ASSEMBLY BILL NO. 961
To the General Assembly:
Pursuant to Article V, Section I, Paragraph 14 of the New Jersey Constitution, I am returning Assembly Bill No. 961 without my approval.
Each year, the New Jersey Commission on Capital Budgeting and Planning (“Commission”) prepares and delivers to me and the Legislature a State Capital Improvement Plan which, among other things, provides an “assessment” of the State’s ability to increase its overall debt and a recommendation as to the amount of any such increase. In preparing its assessment, the Commission considers those criteria used by municipal bond rating agencies in rating governmental obligations, including the manner in which the State’s debt is structured, fiscal management practices, current financial conditions, and the overall state of the economy. Because these factors are well-established and readily ascertainable, the debt assessment component of the State Capital Improvement Plan serves as a useful tool for our State’s policy-makers when considering future debt obligations.
Regrettably, Assembly Bill No. 961 would eliminate the annual debt assessment prepared by the Commission and replace it with an elaborate analysis and narrative discussion intended to forecast the State’s debt capacity for the next ten years. Specifically, the bill would require the Commission to, among other things, estimate State revenues for the next ten fiscal years, estimate potential additional State debt issuance for the next ten fiscal years, estimate the prospective debt capacity available over the next ten fiscal years, and compare New Jersey’s State debt ratios over a ten-year period with the comparable debt ratios for the ten most populous states.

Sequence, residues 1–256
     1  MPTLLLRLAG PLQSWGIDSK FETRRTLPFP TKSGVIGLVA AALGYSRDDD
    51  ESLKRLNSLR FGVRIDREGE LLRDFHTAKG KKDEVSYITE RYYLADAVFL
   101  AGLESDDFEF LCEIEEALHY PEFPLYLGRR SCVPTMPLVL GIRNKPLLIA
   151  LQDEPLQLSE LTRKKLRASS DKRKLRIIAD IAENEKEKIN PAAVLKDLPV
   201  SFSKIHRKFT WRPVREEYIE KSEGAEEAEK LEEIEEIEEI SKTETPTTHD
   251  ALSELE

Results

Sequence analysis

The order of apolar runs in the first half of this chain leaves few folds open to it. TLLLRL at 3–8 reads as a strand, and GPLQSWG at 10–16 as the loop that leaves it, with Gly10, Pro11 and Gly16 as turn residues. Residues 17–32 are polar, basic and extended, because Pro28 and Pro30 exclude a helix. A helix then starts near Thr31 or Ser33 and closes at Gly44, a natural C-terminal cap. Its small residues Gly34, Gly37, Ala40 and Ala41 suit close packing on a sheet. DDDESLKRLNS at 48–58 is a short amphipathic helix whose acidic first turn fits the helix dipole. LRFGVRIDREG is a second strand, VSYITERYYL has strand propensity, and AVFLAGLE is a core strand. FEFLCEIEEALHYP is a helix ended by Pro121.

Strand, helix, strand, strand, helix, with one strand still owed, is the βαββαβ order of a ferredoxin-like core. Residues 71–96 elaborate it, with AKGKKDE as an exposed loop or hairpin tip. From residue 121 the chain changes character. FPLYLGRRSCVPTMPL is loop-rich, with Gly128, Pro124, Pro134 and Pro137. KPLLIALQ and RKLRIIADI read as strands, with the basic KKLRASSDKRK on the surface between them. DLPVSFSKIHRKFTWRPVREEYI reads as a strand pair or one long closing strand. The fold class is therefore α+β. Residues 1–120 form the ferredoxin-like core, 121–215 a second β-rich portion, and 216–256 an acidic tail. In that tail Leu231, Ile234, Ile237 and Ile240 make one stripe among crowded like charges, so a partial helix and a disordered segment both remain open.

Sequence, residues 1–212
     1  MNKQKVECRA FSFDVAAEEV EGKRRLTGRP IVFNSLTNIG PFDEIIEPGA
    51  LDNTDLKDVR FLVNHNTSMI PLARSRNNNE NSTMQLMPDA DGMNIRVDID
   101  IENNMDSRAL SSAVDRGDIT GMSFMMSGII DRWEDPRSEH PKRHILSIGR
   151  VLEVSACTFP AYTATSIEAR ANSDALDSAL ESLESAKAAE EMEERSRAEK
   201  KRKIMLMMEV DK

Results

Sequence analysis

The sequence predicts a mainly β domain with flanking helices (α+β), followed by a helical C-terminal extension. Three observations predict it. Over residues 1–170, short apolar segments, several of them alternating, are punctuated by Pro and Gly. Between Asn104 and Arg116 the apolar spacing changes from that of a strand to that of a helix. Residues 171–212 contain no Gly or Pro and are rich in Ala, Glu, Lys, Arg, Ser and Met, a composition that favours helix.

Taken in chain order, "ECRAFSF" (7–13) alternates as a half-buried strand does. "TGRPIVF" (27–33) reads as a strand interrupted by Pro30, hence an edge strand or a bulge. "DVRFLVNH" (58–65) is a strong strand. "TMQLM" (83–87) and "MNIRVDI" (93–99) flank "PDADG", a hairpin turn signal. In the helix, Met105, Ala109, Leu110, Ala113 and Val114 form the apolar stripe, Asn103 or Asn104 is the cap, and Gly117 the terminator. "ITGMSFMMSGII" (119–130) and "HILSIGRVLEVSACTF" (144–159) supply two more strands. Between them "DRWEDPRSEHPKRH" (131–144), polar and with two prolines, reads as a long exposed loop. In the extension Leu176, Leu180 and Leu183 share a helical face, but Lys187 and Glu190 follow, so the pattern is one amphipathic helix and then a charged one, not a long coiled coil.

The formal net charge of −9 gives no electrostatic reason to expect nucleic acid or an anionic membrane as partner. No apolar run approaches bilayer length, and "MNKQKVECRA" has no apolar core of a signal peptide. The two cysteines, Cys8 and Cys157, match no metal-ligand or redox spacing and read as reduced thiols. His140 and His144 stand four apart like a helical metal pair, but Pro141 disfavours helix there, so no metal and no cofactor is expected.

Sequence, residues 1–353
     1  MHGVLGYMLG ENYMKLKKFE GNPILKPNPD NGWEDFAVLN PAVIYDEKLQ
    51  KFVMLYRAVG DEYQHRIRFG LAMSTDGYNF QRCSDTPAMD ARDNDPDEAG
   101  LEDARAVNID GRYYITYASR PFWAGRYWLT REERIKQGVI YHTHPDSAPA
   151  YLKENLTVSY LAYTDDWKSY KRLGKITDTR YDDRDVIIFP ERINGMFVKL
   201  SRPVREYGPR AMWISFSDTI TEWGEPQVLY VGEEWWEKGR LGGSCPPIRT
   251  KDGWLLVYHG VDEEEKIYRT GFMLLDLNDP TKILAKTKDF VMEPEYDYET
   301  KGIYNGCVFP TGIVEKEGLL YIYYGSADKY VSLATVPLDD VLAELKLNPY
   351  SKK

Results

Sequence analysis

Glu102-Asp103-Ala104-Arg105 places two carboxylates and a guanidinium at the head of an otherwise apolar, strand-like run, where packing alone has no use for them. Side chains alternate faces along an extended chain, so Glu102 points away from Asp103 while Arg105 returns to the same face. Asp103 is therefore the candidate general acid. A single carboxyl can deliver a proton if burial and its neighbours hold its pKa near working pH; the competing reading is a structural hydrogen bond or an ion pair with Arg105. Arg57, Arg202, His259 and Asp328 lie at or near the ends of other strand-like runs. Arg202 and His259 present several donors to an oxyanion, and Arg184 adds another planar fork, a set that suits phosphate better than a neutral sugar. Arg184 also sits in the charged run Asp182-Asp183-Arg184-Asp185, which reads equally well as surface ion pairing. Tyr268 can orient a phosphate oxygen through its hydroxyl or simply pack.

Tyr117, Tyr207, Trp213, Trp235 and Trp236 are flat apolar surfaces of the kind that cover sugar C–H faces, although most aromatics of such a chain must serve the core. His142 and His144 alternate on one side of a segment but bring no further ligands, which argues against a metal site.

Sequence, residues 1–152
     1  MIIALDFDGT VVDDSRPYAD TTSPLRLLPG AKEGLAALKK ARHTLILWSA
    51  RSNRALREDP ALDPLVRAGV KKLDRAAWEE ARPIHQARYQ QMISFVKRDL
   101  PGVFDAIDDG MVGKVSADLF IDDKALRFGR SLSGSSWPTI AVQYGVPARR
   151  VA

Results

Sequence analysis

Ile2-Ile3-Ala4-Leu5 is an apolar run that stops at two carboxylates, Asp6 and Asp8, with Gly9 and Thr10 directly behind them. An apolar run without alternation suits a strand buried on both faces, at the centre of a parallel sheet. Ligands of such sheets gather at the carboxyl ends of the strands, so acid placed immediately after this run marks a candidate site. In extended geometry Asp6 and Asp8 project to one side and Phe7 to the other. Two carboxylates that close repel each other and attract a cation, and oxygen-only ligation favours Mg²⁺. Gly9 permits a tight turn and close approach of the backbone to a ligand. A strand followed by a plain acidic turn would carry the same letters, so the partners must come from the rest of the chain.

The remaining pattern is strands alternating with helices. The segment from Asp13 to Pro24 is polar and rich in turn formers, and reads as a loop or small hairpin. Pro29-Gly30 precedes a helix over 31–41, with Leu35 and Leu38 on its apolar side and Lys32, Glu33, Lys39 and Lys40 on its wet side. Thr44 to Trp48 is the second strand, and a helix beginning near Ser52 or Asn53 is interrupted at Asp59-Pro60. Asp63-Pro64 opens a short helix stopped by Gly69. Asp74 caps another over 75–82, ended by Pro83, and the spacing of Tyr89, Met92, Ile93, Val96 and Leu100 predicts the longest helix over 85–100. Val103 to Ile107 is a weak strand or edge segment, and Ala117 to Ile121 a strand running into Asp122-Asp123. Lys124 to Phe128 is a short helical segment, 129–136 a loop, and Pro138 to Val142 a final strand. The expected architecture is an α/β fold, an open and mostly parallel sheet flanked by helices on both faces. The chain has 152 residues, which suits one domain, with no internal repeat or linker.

Unfortunately, because of the highly speculative nature of the factors to be considered, the ten-year debt affordability analysis proposed by this bill will not serve our policy-makers, or our citizens, well. Imposing a ten-year time horizon on revenue and debt service affordability estimates creates a reliance on nebulous predictions of the future of national, state, and local economies, politics, legislation, and tax and revenue policy. As such, the Commission would be forced to produce a speculative report that would be of little value in making future debt determinations, but may adversely and erroneously affect the State’s bond rating. Rather, by continuing to rely upon our current annual debt assessment, which uses concrete figures drawn from dependable estimates and ratings, the State can reliably account for the affordability of its present debt. Moreover, we can also begin to understand how the hard decisions our State must make to reform its pension and benefit system will impact the State’s ability to afford future spending.
Since the earliest days of my Administration, I have urged the Legislature to confront the irresponsible fiscal practices of the past. As such, I do support the sponsors’ intent to better understand the consequences that our current financial practices have on our future ability to address critical priorities. Examining, analyzing, and reducing all of our spending and debt obligations, where feasible, has been, and will continue to be, a primary focus of this administration. This bill, however, transcends into the world of the speculative in its efforts to forecast the State’s capacity to afford potential future debt, and will do nothing to effectively correct the fiscal mismanagement of the past.
Accordingly, I herewith return Assembly Bill No. 961 without my approval.
[seal] /s/ Chris Christie
/s/ Christopher S. Porrino
Chief Counsel to the Governor